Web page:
Make enemies and forge alliances by joining battles between the factions that occupy the galaxy. Take part in daring raids on trade convoys and audacious attacks on capital ships, claim bounties, and upgrade your weaponry. But be warned: helping one faction may make its enemies yours, too.
EMBARK ON AN EPIC JOURNEY ACROSS AN INFINITE UNIVERSE
Trade your way through the galaxy
Violence is not the only route to success. Discovering rare resources and trading them where they are most valuable will help you amass a fortune you can exchange for upgrades and ships that can carry ever more cargo. The rewards will be great, but you'll run the risk of attracting the attention of ruthless space pirates.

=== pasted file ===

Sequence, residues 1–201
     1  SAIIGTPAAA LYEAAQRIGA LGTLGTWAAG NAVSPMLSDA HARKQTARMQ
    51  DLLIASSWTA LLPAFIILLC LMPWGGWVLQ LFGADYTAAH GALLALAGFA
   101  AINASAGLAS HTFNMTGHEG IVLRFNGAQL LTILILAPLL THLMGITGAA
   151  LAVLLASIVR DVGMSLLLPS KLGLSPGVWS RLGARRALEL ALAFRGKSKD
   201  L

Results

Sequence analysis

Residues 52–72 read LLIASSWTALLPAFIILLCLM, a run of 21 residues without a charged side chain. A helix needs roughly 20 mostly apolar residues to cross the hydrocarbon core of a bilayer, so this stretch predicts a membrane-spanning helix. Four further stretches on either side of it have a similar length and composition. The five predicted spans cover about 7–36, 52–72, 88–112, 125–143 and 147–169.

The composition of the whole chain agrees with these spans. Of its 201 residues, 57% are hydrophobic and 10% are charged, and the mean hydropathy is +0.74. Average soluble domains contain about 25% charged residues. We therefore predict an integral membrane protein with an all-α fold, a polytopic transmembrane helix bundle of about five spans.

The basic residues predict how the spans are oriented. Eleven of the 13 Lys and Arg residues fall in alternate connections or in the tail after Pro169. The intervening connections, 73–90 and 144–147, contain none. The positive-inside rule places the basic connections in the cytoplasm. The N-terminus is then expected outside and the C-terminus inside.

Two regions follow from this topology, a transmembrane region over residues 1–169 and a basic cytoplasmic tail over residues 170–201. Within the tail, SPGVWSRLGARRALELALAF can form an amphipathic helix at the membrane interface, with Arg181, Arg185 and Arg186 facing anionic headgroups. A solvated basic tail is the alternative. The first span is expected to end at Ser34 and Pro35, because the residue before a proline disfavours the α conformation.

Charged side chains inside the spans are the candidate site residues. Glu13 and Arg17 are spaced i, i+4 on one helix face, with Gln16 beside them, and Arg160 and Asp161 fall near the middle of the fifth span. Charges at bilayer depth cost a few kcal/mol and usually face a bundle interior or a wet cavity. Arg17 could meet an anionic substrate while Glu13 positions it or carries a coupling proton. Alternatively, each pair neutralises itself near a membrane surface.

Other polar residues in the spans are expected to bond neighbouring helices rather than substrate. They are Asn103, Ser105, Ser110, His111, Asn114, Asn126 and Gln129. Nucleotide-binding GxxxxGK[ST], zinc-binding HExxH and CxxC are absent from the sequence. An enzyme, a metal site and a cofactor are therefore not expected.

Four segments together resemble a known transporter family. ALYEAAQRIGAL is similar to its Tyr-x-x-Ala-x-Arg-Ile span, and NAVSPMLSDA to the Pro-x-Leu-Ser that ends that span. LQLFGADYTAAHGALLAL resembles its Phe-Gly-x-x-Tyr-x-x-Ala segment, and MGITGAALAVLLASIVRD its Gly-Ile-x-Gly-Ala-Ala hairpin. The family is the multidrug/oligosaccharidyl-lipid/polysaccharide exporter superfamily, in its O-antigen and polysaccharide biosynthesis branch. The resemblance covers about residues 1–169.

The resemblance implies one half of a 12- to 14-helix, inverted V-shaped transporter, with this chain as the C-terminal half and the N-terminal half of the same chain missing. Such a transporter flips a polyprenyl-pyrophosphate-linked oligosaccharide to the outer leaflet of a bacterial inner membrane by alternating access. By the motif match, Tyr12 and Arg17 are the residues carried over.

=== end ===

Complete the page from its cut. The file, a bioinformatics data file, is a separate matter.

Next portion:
Prepare yourself for exploration
By upgrading your engines, you can travel further and faster, pushing at the frontiers of the known galaxy. Upgrading your suit will help protect you from radiation and extreme environments that would kill the unprepared.
Discover a social galaxy
The galaxy is a living, breathing place, with trade convoys travelling between stars, pirates, police and military ships ever ready for action, and planets teeming with life. The same galaxy is also shared by every player of No Man's Sky. Perhaps you will see the results of their actions, as well as your own?